by Ian Armit and Jo McKenzie
The 1970s excavations at Broxmouth represent one of the most comprehensive examinations of any Iron Age hillfort. It was also the place where a whole generation of Scottish archaeologists learned their trade. Like many projects of its time, however, Broxmouth remained unpublished, other than tantalising descriptions contained in various interim reports. This volume sets out the full results of the Broxmouth Project for the first time, tracking the long history of the site from initial settlement in the Early Iron Age to its abandonment during the period of Roman occupation.
Important findings include a series of remarkably well-preserved roundhouses with evidence for lengthy occupation, periodic rebuilding and the burial of votive deposits; a richly detailed picture of the evolution of the elaborate hillfort entrances; a remarkable artefactual assemblage including materials such as bone and antler that seldom survive in the region and the first use of steel in the British Isles; an exceptionally rare Iron Age cemetery; evidence for violent death and the taking of human trophies; and a rich faunal assemblage that allows us to reconstruct the economic basis of life at Broxmouth in unusual depth. Understanding of the long-term development of the site is made possible by the development of a new Bayesian chronology, allowing us to detect change at the scale of a human lifetime. What emerges is a richly detailed picture of life at Broxmouth as the site passed from one generation to the next across almost a millennium of continuous occupation.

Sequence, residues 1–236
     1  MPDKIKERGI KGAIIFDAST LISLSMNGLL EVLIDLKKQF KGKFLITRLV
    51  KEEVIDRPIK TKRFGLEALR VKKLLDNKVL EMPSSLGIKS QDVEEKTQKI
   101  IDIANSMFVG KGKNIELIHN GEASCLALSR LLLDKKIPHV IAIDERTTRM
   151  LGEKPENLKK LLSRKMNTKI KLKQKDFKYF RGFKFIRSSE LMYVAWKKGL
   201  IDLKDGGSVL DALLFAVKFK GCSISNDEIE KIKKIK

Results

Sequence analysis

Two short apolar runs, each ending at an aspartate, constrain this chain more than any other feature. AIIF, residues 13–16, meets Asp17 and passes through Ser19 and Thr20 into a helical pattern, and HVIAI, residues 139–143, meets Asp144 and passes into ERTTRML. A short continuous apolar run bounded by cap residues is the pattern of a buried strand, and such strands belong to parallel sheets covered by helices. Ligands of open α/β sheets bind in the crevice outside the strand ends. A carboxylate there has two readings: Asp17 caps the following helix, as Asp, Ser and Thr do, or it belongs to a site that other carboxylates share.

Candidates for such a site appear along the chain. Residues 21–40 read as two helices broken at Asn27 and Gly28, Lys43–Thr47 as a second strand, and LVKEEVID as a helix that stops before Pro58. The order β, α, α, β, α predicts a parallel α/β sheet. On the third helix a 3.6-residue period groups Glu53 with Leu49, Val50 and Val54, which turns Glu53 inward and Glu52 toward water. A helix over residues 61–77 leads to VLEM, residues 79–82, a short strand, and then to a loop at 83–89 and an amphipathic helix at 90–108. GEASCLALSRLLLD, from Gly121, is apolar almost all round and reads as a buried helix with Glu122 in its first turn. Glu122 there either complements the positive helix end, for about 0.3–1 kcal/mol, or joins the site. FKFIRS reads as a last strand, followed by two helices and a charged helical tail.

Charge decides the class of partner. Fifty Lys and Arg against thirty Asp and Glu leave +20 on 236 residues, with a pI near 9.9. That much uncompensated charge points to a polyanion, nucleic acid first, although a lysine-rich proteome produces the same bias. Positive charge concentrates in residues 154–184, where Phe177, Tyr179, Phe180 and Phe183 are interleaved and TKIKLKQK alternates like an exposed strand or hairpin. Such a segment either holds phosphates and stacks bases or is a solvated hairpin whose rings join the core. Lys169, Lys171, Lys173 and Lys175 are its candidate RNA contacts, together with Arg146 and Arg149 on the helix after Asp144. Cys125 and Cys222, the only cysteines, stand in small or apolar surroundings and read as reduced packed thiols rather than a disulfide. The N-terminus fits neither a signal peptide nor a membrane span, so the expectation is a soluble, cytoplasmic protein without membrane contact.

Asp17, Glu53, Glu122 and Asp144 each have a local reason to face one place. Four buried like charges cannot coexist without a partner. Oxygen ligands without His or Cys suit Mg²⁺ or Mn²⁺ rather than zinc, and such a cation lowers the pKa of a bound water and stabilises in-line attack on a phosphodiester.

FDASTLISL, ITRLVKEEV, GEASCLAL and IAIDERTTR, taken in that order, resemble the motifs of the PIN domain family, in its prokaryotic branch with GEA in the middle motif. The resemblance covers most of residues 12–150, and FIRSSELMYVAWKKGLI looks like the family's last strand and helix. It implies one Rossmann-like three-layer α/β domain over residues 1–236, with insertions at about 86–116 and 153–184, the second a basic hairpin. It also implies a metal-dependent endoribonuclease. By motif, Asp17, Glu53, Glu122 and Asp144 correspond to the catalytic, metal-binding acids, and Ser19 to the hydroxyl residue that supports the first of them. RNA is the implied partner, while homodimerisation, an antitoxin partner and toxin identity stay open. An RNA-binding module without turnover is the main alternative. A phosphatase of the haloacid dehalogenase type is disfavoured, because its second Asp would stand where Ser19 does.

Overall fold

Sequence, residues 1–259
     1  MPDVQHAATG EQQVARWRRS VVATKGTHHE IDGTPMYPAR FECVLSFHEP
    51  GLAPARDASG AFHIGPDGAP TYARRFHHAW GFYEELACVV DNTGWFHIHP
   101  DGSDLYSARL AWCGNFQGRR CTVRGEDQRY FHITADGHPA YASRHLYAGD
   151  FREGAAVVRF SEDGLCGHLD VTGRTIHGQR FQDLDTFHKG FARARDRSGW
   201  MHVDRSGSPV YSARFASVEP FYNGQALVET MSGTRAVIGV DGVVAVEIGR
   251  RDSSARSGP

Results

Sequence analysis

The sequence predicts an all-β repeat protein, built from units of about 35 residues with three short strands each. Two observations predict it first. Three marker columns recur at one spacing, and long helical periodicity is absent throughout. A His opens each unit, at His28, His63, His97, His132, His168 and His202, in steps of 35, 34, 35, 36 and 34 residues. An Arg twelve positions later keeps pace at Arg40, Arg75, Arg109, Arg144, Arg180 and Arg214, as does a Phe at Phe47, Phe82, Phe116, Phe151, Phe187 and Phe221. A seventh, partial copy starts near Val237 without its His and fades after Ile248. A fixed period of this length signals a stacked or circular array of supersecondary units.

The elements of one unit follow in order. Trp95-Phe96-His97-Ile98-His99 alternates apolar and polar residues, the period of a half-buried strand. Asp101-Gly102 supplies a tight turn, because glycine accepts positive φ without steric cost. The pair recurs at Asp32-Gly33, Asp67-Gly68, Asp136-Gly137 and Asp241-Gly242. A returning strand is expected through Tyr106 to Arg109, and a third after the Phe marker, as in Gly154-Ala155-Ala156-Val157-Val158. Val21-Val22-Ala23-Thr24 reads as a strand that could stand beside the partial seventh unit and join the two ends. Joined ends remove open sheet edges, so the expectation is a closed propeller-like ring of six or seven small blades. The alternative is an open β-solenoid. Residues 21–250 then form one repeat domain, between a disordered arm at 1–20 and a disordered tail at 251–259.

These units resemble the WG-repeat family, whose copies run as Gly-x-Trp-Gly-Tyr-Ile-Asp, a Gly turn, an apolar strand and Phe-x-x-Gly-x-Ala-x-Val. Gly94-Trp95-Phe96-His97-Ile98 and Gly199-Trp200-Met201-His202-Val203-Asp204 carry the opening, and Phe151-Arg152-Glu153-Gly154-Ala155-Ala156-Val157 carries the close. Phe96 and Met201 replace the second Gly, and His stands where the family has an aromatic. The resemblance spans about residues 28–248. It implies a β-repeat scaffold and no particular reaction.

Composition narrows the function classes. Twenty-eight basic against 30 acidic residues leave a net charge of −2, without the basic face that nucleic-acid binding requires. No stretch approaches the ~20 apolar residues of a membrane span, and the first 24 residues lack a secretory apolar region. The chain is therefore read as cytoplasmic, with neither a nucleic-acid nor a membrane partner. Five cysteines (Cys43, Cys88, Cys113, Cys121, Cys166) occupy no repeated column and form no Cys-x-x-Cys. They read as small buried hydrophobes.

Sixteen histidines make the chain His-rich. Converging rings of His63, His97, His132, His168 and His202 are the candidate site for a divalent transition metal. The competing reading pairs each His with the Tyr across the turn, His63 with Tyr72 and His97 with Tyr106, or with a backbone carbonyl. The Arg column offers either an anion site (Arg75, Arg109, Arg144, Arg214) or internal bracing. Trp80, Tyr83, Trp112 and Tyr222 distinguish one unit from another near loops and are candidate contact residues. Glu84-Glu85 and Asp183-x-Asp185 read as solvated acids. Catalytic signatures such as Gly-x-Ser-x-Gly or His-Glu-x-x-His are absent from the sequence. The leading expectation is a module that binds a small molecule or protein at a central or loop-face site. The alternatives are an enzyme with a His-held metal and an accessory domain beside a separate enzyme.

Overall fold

The Society of Antiquaries of Scotland gratefully acknowledges funding towards the publication of this volume from Historic Scotland.